The space you’re in will affect the mood and functions of your session. Every venue offers different advantages and requires a venue-specific approach to publicity, cost, and accessibility. Regardless of whether you chose a public or private venue you’ll want to have a good working relationship with the host, a singing space (with seating) that’s a good size for your group, an environment that isn’t too loud to sing in and where your group can make noise without bothering others, access to beverages/snacks/bathrooms, and a venue that is accessible to participants.
This could be a park, coffee shop, community center, religious hall, campus space, pub, restaurant, VFW, school, or library. In these venues passers-by might hear the music and join you spontaneously. If similar events take place there it may already be a hangout for people who would like your event.
Securing a Venue
So how do you pitch your event to secure a venue?
Consider the interests of the owners/staff; let them know what your event can do for them. Try to establish a symbiotic relationship.
- Money: Will you agree to a cover charge, drink minimum, or a rental fee or are you simply offering to bring potential customers to the location? (If the latter, encourage participants to buy drinks or snacks. We have seen venues discontinue an event because the attendees didn’t spend money.)
- Publicity: Bringing in a group of singers brings business to pubs and restaurants, and advertising the event raises the profile of the venue within the community.
- Be easy to work with: Suggest a few trial sessions so you can prove yourself to the owner before they commit to a weekly or monthly booking. Offer to hold your event mid-week to boost sales on an otherwise slow day and avoid crowding out regular customers. A bar that already has a trivia night, open mic, or other music session might add you to the schedule. It’s a bonus if the owner or staff is interested in your music, but this isn’t always possible or necessary.
Working with a Venue
Here are some suggestions about tasks to be aware of before, during, and after your event.
- Before the event: Establish some expectations and agreements with the owners and staff of the venue. You may offer to do your own setup and cleanup (moving furniture, clearing garbage). Make sure you’re easy to get in touch with if there are scheduling changes.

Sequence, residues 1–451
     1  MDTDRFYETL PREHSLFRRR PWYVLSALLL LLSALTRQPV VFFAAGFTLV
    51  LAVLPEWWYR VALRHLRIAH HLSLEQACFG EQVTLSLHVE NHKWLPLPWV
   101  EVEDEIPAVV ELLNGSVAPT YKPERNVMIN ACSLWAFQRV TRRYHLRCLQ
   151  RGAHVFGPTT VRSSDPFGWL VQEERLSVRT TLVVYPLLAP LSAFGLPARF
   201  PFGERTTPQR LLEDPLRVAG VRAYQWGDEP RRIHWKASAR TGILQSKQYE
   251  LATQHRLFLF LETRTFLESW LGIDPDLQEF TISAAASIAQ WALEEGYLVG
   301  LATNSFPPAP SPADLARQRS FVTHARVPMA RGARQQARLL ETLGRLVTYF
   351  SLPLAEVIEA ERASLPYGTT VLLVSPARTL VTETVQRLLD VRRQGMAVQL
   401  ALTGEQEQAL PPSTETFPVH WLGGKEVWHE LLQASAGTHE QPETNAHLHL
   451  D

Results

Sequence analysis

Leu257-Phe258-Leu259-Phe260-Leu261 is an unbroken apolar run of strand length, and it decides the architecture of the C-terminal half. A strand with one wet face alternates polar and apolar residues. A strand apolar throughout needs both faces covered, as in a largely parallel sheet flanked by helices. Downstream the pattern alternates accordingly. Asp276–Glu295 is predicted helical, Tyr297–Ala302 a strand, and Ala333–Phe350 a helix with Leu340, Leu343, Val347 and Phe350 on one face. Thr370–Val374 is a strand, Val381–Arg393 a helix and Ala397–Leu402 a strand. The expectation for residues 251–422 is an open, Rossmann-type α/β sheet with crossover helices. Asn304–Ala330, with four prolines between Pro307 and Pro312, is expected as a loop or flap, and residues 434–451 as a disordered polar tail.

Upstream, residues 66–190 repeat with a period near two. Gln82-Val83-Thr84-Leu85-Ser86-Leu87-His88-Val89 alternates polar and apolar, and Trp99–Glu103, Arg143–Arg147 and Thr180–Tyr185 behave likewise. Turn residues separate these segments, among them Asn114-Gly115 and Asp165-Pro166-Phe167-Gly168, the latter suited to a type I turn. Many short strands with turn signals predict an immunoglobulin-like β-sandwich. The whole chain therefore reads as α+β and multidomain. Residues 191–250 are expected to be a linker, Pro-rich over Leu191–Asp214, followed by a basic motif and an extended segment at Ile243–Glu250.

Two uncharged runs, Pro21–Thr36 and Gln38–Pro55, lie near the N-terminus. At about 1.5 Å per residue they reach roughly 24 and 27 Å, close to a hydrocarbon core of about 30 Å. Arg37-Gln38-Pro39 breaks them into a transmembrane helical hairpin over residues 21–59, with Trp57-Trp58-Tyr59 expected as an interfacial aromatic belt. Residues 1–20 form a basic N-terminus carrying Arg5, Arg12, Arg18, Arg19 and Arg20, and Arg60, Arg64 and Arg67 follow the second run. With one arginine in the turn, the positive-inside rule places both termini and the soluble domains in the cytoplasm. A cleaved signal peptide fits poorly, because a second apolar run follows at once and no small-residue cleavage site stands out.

- On the day of the event: Introduce yourself to the wait staff / bartender so they know what’s going on and who to communicate with. Employees aren’t always notified of scheduled events so be prepared to explain. While you’re at it, you may choose to welcome the staff or regular customers to participate if they’re not busy. Establish an informal liaison between staff and singers (see “Facilitating”). Remind your singers to buy food or drinks to support the venue, and to tip the staff well.
- At the end of the event: Stick to your agreed-upon schedule; clean and clear out on time. Thank the hosts!
This might mean that the event is at your home, someone else’s home, or that the event is restricted to a certain community, like students in a college campus building.
First and foremost, continue to check on the needs of your host (if it’s at your house this includes housemates too!) to make sure everyone is happy with the situation. Communicate your vision for the event with your host (and if you are the host, reflect on this as well). If the nature of the singing changes or the participants change, will your host ask you to find a new location? Will your host need a break for a few weeks or months? Will they want other folks to bring refreshments? It’s their call! Keep checking in so you won’t be taken by surprise if they request a change.
Make sure your host is comfortable with strangers walking into the space if you plan on advertising to the public. Alternatives are to restrict the advertising to word-of-mouth or employ the bring-a-friend strategy.
If you are hosting public events in a private residence you’ll want to find a way to overcome strangers’ hesitance toward entering a space that may seem awkward or too intimate to just drop in and check it out.
If you use private venues you may choose to rotate locations and hosts. It might be hard to keep people informed of the next event’s location but it lets everyone experience the grace of hospitality, refreshes the group dynamic, and spreads the responsibilities that go along with hosting.
Venue Accessibility & Transportation
Make it easy for people to attend by considering how they’ll get to your event. Is your venue accessible by public transportation? By walking paths? By car? Is there parking space? Is it wheelchair-accessible? Is it a space that is open early or late enough for you to set up and clean up within the hours permitted by the hosts? Keep in mind that an inaccessible event might be considered exclusive.
Although no venue is perfect, you can improve the accessibility of the venue you find. You can set up a forum for participants to plan carpools or walk together. Check bus or train time tables: Does the last bus leave 10 minutes before the end of your session? Would people arrive 45 minutes before the official start? Maybe you can adjust the timing of your session accordingly.
Different aspects of accessibility often pertain to different demographics — students and young folks may be less likely to have cars, for example.